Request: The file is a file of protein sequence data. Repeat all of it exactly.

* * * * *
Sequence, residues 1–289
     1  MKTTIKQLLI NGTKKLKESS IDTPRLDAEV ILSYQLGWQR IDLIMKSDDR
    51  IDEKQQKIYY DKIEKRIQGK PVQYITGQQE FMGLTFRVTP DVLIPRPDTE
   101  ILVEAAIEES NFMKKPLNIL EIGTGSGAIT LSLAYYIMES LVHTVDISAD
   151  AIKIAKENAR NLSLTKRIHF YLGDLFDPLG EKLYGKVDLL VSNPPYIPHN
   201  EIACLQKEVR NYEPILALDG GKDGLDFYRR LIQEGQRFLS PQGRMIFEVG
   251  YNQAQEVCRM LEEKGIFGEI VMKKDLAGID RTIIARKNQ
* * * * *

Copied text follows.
Sequence, residues 1–289
     1  MKTTIKQLLI NGTKKLKESS IDTPRLDAEV ILSYQLGWQR IDLIMKSDDR
    51  IDEKQQKIYY DKIEKRIQGK PVQYITGQQE FMGLTFRVTP DVLIPRPDTE
   101  ILVEAAIEES NFMKKPLNIL EIGTGSGAIT LSLAYYIMES LVHTVDISAD
   151  AIKIAKENAR NLSLTKRIHF YLGDLFDPLG EKLYGKVDLL VSNPPYIPHN
   201  EIACLQKEVR NYEPILALDG GKDGLDFYRR LIQEGQRFLS PQGRMIFEVG
   251  YNQAQEVCRM LEEKGIFGEI VMKKDLAGID RTIIARKNQ